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Resultant Force Sometimes, forces act together. When they do, it is as if they were equal to just one force A NET FORCE is the force that results from the addition of two or more forces. VA VB VR

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Tip to Tail Method 20 N Place the tail of one vector at the tip of the other. The vector sum (also called the resultant) is shown in red. Draw resultant vectors from beginning (tail) first vector to end (tip) of last vector. The resultant is also called the “NET FORCE” 16 N 20 N 16 N 4 N 21 N 12 N 9 N 9 N 12 N

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Draw the Vectors….. Two workers are moving a refrigerator. One pushes forward with a force of 200 newtons, the other pushes forward with a force of 300 newtons.. The net force they (together) exert on the refrigerator is:?

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Draw the Vectors….. Two students are moving a refrigerator. One pushes forward with a force of 200 newtons, the other pushes backward with a force of 300 newtons. Force is a vector. The total force they (together) exert on the refrigerator is:

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Forces in Combination Forces acting in same direction are added together to find “Net Force” Forces acting in opposite directions are subtracted to find “Net Force”

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Equilibrium If the net force acting on an object is equal to zero, the object is said to be in equilibrium, and the forces are “balanced”

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Equilibrium

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Unbalanced Forces When net force acting on an object, the forces are “Unbalanced” Unbalanced forces cause objects to change their motion, either by changing their speed or velocity

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**What will happen to the load?**

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**Gravitational Force The attractive force acting between all masses**

This is a major force but it is the weakest of all the long range forces!

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**Factors effecting the Stength of a gravitational attraction**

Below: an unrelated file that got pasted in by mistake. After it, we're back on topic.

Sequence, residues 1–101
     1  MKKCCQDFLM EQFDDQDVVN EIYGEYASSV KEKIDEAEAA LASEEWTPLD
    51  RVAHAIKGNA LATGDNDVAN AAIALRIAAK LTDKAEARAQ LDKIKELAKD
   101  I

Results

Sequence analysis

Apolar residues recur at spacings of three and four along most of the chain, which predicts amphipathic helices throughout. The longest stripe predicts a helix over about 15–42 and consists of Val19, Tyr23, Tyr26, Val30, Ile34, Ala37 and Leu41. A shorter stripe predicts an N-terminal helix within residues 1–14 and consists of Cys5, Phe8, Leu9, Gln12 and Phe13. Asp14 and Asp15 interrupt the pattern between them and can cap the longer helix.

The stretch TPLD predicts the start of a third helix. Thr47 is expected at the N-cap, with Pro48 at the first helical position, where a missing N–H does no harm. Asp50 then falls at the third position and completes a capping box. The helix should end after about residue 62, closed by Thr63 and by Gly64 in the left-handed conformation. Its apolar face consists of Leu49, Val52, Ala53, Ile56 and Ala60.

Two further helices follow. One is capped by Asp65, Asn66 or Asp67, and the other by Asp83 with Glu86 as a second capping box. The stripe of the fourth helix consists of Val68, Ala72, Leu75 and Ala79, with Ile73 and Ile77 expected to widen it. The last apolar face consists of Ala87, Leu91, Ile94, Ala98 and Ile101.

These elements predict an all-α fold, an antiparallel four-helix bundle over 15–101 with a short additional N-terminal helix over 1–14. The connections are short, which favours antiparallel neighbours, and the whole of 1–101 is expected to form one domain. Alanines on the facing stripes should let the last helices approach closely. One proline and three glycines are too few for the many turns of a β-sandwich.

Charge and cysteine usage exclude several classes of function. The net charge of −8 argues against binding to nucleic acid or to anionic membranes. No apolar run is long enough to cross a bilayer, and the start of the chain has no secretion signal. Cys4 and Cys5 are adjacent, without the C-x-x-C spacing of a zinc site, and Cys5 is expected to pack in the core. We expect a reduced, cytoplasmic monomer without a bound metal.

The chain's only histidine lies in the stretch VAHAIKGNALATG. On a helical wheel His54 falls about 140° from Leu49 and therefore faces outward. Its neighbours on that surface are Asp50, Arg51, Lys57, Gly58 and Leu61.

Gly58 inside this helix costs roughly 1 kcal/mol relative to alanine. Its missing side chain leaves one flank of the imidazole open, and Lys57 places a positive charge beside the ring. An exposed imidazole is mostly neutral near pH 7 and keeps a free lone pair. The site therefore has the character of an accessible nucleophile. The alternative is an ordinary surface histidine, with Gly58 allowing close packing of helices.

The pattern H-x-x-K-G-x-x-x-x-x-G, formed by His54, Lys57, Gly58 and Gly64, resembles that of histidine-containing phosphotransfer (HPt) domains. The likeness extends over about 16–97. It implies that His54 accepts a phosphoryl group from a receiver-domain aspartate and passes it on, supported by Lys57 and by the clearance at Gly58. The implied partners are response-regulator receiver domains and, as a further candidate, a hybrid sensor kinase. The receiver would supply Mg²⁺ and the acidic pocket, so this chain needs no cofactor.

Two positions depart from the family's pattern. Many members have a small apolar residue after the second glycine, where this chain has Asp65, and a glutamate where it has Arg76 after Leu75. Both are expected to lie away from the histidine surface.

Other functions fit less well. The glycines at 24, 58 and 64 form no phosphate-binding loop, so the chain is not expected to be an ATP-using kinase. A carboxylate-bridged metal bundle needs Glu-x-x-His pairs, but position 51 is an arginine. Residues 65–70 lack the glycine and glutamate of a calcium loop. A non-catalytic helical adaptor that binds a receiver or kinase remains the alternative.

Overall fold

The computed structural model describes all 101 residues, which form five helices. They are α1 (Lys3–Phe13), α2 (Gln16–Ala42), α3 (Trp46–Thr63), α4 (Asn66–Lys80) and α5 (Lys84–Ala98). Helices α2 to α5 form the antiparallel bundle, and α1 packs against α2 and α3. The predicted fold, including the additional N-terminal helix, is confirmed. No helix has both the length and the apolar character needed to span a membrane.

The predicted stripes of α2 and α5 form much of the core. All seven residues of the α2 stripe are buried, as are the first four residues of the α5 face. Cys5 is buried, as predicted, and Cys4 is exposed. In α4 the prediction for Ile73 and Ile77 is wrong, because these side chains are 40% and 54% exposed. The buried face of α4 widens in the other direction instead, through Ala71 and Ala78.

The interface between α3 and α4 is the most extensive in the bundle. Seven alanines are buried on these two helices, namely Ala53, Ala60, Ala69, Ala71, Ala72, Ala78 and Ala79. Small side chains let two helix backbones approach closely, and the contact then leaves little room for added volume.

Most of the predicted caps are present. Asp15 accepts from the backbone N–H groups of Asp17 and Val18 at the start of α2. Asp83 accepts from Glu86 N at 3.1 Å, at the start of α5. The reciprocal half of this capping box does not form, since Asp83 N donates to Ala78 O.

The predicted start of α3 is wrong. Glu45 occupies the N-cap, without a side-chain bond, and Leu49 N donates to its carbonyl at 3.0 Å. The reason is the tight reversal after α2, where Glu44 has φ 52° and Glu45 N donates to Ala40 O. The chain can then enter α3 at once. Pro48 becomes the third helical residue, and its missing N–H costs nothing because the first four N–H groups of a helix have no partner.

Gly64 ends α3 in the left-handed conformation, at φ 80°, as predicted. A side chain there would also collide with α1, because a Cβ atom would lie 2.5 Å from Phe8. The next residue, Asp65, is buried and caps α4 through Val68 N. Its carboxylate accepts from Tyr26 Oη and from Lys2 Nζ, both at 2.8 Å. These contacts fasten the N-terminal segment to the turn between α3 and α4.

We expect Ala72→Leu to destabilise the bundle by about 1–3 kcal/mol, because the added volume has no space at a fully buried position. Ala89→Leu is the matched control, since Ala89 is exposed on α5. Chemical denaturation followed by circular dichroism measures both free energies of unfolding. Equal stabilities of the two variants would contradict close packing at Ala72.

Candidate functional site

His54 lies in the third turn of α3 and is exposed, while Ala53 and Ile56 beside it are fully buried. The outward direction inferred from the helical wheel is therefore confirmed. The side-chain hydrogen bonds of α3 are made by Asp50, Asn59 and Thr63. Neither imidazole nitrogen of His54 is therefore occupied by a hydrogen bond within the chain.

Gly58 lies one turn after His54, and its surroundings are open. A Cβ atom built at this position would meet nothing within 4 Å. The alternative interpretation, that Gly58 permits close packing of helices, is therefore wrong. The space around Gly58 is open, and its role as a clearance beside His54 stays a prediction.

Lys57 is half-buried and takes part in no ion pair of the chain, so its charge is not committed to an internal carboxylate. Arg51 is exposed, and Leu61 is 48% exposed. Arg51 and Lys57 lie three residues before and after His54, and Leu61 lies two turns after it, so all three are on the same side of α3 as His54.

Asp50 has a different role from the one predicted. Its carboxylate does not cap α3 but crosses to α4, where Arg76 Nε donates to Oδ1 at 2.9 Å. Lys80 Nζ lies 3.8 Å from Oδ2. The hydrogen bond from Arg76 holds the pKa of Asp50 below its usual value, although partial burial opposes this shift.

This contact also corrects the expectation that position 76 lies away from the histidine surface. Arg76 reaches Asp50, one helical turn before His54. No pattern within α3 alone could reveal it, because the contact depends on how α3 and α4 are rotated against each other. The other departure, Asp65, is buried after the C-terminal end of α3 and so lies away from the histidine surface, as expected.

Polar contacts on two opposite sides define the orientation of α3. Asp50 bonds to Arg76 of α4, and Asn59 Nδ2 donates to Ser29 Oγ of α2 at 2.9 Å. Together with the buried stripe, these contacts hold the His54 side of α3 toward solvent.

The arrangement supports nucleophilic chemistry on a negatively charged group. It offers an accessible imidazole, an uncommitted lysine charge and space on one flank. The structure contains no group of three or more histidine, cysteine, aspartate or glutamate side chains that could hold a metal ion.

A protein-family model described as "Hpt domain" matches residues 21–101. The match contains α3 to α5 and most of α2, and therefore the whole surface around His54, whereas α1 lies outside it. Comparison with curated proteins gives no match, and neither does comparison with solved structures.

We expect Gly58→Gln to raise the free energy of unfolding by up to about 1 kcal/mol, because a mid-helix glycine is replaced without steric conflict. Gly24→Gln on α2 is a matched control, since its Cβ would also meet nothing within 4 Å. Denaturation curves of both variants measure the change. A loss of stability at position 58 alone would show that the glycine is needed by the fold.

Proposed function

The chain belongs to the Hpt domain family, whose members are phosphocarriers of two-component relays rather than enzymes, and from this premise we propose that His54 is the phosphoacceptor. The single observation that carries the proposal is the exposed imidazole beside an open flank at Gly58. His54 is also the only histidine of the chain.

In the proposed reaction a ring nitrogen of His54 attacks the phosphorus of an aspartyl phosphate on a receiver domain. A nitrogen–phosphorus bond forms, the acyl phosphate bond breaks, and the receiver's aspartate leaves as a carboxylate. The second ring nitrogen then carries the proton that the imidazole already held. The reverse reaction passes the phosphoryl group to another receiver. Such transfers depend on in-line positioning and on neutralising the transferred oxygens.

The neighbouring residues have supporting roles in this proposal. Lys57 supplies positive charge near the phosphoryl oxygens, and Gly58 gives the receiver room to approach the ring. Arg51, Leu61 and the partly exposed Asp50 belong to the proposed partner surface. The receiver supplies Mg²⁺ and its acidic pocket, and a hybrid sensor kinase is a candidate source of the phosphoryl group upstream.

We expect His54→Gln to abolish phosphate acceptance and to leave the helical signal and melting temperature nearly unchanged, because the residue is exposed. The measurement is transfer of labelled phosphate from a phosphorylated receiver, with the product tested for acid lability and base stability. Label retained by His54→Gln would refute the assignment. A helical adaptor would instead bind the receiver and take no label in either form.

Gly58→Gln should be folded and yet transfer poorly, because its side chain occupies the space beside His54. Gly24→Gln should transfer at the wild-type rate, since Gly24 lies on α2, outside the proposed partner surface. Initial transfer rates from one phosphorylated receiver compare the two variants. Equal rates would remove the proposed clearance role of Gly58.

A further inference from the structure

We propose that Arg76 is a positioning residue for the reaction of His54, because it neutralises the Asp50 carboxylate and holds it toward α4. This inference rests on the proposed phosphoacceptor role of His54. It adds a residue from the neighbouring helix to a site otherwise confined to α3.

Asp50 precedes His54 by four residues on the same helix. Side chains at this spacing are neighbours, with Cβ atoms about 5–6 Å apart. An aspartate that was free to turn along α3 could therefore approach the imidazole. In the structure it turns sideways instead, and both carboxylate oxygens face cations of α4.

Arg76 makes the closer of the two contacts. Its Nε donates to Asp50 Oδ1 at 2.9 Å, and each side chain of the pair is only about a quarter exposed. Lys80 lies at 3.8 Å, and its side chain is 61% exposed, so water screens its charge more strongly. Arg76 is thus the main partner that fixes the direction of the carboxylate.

Masses of two masses Distance between the two masses Larger masses = greater attraction Larger distances between masses = less attraction

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5.1 Gravity The force of gravity on an object is called weight. At Earth’s surface, gravity exerts a force of 9.8 N on every kilogram of mass.

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**5.1 Weight vs. mass Weight and mass are not the same.**

Mass is a fundamental property of matter measured in kilograms (kg). Weight is a force measured in newtons (N). Weight depends on mass and gravity.

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**Weight depends on mass and gravity**

A 10-kilogram rock has the same mass no matter where it is in the universe. On Earth, the10 kg. rock weighs 98 N.. On the moon, the same rock only weighs 16 N.

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5.1 Calculating weight

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**Sig. fig. = 600 N Sig. fig. = 200 N Solving Problems**

Calculate the weight of a 60-kilogram person (in newtons) on Earth and on Mars. Looking for: …weight of person in newtons on both planets Given: …mass = 60 kg; g = 3.7 N/kg on Mars; …implied g = 9.8 N/kg on Earth Relationships: W = m x g Solution: 60 kg x 9.8 N/kg = 588 N 60 kg x 3.7 N/kg = 222 N Sig. fig. = 600 N Sig. fig. = 200 N

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**Would you weigh more or less on a mountain compared to a plain?**

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Ocean Tides The Moon is primarily responsible for ocean tides on Earth. The Sun contributes to tides also. What are spring tides and neap tides?

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Spring Tides Sun Earth Full Moon New Moon

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Neap Tides First Quarter Sun Earth Last Quarter

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Chapter 5.1 Learning Goals Define force as a vector and describe how it is measured. Explain how forces are created. Compare and contrast types.

Chapter 5.1 Learning Goals Define force as a vector and describe how it is measured. Explain how forces are created. Compare and contrast types.